Some clinical studies have indicated that marijuana or its active cannabinoid ingredient alleviates symptoms of the inflammatory disease multiple sclerosis (MS).
Also, researchers have found that the brain's natural "endocannabinoids" are released after brain injury and are believed to alleviate neuronal damage. However, scientists have not understood how such substances act within the brain's own immune system.
Now, experiments by Oliver Ullrich and colleagues have pinpointed how one of the brain's endocannabinoids protects neurons from inflammation after such damage. They say their studies could lead to new drugs to treat the inflammation and brain degeneration from MS or other such disorders.
In an article in the January 5, 2006, issue of Neuron, the researchers reported experiments showing how the endocannabinoid anandamide (AEA) protects brain cells from inflammation. Such a role in the brain's immune system is distinct from cannabinoids' effects on neuronal signaling that produce the behavioral effects of marijuana.
When Ullrich and colleagues analyzed brain tissue from people with MS, they found elevated levels of AEA, compared to healthy tissue. And in studies with mouse brain slices, they found that inducing damage with a brain-cell-exciting chemical, called NMDA, caused an invasion of the brain's immune cells, called microglia, and an increase in AEA levels.
Importantly, they found that adding AEA to such damaged brain tissue abolished inflammatory damage to the brain cells, but did not reduce the primary "excitotoxic" damage from the chemical. They found similar effects of AEA when they damaged the brain tissue by depriving it of oxygen and glucose.
The researchers also found that when they used a drug to block the receptors on microglial cells by which AEA effects the cells, inflammatory damage was increased.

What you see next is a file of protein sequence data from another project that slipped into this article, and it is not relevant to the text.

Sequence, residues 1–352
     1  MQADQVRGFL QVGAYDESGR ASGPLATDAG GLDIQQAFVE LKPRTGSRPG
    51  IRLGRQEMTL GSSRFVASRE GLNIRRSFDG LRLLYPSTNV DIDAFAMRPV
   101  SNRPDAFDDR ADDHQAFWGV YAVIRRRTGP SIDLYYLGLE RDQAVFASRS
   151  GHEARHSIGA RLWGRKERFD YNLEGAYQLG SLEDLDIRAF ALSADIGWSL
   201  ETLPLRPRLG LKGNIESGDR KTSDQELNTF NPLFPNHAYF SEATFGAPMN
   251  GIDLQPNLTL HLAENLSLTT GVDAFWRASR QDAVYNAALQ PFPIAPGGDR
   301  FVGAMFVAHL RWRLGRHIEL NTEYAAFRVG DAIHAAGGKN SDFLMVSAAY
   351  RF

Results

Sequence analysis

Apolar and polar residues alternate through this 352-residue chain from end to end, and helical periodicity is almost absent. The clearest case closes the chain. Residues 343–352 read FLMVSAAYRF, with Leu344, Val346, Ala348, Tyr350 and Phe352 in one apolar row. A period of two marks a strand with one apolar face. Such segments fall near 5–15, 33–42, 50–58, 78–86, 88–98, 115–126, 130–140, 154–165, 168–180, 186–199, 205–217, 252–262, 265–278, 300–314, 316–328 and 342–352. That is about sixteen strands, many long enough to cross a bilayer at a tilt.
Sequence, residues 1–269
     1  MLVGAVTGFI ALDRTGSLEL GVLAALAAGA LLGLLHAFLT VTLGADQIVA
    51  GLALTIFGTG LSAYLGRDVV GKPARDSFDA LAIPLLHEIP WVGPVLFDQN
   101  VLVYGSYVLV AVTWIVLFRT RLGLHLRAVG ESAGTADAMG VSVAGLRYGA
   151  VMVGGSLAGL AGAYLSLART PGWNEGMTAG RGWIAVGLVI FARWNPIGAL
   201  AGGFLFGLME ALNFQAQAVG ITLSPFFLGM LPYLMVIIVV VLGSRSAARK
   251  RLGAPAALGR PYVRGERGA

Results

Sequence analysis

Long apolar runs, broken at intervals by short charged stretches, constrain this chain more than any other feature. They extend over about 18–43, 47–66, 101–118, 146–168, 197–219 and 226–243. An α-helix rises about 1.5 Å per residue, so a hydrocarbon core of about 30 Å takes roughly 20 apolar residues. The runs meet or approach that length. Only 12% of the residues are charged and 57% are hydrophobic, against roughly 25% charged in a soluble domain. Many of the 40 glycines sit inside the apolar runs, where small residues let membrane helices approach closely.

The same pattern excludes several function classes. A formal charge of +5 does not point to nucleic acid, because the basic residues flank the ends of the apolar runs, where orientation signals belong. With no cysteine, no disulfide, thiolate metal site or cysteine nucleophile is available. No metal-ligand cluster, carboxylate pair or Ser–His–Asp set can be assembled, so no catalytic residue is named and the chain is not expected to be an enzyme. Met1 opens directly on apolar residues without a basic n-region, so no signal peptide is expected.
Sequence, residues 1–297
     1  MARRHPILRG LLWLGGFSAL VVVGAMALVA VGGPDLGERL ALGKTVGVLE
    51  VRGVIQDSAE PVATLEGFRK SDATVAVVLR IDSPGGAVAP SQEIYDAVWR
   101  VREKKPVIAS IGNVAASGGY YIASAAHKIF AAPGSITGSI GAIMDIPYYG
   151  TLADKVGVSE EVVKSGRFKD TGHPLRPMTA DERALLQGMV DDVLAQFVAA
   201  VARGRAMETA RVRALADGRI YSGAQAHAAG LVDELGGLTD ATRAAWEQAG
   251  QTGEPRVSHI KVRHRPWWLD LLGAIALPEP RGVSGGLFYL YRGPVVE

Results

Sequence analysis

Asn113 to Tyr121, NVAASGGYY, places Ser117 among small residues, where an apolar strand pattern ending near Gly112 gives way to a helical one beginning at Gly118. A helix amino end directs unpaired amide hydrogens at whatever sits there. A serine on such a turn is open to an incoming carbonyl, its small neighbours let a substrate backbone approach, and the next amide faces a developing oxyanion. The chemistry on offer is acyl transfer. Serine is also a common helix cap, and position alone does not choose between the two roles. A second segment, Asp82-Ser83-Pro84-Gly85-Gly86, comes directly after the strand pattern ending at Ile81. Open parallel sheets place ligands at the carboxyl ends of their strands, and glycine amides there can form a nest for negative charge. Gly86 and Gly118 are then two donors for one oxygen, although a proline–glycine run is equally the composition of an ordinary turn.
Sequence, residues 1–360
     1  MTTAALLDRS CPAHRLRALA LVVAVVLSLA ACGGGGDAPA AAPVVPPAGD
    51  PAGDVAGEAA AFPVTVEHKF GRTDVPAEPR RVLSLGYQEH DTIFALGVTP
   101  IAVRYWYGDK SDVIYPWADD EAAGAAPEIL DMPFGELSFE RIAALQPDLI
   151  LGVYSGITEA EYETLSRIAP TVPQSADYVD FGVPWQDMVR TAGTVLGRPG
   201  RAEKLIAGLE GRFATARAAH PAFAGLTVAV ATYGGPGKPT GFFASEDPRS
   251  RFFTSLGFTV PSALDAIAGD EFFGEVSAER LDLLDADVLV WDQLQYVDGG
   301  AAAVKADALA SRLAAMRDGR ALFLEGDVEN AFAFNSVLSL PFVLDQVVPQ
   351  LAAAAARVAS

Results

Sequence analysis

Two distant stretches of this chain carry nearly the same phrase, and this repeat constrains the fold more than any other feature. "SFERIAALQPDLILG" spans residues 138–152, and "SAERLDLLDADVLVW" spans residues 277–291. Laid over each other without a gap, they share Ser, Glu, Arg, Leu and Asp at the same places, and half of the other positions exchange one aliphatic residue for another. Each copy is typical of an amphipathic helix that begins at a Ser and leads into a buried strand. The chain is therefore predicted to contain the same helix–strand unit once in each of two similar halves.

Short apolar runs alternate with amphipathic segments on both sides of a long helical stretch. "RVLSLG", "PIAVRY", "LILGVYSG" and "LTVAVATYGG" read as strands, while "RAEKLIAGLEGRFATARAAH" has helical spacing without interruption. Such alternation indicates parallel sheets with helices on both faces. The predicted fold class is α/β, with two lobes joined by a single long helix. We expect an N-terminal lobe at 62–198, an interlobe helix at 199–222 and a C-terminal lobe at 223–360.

The researchers also explored the mechanism by which AEA prevents inflammatory damage. They found that, when AEA plugs into its receptors on activated microglial cells, it basically activates a specific molecular signaling pathway that suppresses the production of inflammation-causing nitric oxide, which would otherwise cause brain injury.
The researchers concluded that the release of AEA in injured brain tissue might act as a "gatekeeper" and an important "negative-feedback loop within the CNS [central nervous system] immune system needed to reduce the extent of the inflammatory response and to limit neurodegenerative immune reactions after primary brain damage.
"Moreover, endocannabinoid signaling strongly suppresses attack of microglial cells on nondamaged neurons," they wrote, "suggesting also a physiological function of the endocannabinoid system in maintaining a protective and healthy CNS microenvironment."
They also concluded that "the endocannabinoid system represents a local messenger system between the nervous and immune system and is obviously involved in the control of immune activation and neuroprotection. Therefore, elucidating the pathology of the endocannabinoid system during neuroinflammation and neurodegeneration might open new avenues of therapeutic interventions in the future."